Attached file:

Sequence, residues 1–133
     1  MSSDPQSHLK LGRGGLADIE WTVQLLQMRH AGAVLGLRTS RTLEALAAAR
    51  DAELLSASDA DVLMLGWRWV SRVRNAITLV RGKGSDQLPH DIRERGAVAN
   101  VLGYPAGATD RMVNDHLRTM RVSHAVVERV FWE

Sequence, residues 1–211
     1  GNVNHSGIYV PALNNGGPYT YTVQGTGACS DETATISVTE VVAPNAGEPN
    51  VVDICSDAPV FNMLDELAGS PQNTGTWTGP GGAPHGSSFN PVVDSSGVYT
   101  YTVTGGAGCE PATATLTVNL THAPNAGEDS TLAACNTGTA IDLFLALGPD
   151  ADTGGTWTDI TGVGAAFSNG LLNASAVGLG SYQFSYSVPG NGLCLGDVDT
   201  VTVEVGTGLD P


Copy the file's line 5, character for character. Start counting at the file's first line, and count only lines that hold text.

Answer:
Sequence, residues 1–211